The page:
Megachurches to consider using Apple Pay for tithing

 Oct 16, 2014

Online giving and even mobile kiosk giving is not new for a lot of megachurches. With so many members and campuses they have to be innovative and tech-savvy to keep up with daily donations and events. Pastors and musicians often use iPads for their services and Mac books for their behind-the-scenes technology.

Apple Pay is said to debut Monday as a new mobile payment service, but will this alternative method of tithing catch on where others have failed? Some major credit card companies like MasterCard and Visa as well as banks and restaurants like Citi, Bank of America and McDonalds are already set to accept the contact-less payments. Consumers may pay with their Touch ID by simply holding their iPhone near a reader, which is supposed to be secure and private.

If this technology catches on, it could make tithing even more convenient and less expensive.

“We prefer e-checks rather than credit card payments because of processing fees, so it saves us money,” said Cassie Schumacher, lead administrative assistant at Bethlehem Baptist Church.

Scott Thumma, professor of sociology of religion at the Hartford Institute for Religion Research, said in an email that he could easily see megachurches wanting to adopt the Apple Pay option specifically because the collection of offering in service is critical to increase the amount of giving but it is difficult to “pass the plate” in services with so many people to pass to.

“Using Apple Pay would greatly reduce that time, thus allowing more time for the worship components of the service,” he said.

Many megachurches already push their members to set up automatic giving with a credit card, so they’re already used to their donations being regularly deducted from their bank accounts.

It’s a bit too soon to tell if Apple Pay will be something megachurches will definitely use, but while being cautious and doing their research, churches like First Baptist Church of Glenarden are open to incorporating modern technology into their services.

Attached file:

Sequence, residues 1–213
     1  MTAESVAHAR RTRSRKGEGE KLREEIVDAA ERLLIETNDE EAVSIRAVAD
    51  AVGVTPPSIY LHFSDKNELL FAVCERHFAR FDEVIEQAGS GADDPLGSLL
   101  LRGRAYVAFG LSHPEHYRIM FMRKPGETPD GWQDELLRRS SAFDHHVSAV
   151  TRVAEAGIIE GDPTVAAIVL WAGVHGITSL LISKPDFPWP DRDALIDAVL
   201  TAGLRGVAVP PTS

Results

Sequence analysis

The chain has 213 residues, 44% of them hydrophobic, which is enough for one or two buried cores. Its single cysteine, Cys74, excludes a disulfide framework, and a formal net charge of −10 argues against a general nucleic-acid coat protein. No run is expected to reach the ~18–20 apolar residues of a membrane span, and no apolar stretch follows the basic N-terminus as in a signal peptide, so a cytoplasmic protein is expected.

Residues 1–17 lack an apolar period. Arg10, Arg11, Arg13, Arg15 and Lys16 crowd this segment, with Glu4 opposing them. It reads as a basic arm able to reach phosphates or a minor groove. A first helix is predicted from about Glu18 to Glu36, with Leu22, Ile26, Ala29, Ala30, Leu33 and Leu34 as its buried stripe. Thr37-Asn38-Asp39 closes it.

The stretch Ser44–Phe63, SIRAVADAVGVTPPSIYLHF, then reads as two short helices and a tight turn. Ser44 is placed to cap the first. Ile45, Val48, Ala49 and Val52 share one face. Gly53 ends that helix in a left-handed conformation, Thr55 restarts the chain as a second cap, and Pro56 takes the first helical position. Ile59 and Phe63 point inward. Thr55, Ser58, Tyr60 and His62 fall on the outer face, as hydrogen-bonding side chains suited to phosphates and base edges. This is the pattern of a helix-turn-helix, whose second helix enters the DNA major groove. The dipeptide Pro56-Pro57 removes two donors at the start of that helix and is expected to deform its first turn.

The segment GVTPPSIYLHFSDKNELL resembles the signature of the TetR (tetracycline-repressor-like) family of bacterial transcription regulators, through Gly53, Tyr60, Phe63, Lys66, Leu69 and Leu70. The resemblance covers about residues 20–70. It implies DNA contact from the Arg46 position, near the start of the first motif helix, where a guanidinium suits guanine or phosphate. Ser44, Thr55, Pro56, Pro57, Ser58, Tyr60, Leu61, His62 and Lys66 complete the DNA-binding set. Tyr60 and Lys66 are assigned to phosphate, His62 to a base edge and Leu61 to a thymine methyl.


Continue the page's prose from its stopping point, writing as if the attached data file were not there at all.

“We don’t really rule anything out,” said William Gentry Jr., chief financial officer of First Baptist Glenarden. “We’ve had kiosks for five to seven years at least and have done electronic giving for at least as long.”

For their church, the finance department and IT department work together and try to update their methods of donating to match the younger members they attract. They also have five or six kiosks on their campuses to bring online donating directly to them.

“We felt with the generation that we have now, a lot of them don’t even have check books, so you have to take advantage of the technology that we have,” Gentry said. “[adding payments via text] was really a no brainer.”

Even with the enthusiasm for utilizing new technologies, churches don’t make a quick move and make sure it is something members are actually using before they make the change.

“We don’t move quickly or rashly, we checked [text donations] out and investigated and looked at what other organizations are doing and once we made a decision, it’s worked really well,” Gentry said.

Don’t toss out the baskets just yet though, while electronic giving accounts for 44 percent of First Baptist Church of Glenarden’s offerings, the rest is old-fashioned basket passing and check mailing.

But does technology and philosophy go together? Some churches are hesitant to move away from the typical basket passing and online giving is about as far as they want to take it right now.

“Philosophically, we don’t know how we feel about [Apple touch pads], I feel like kiosks are a bit awkward personally,” said Adrienne Evans, the controller for Summit Church. “We redid our website and part of the reason for that is so that it would be mobile friendly, so I think we’ll just stick with that and point people to our website if they want to give electronically.”

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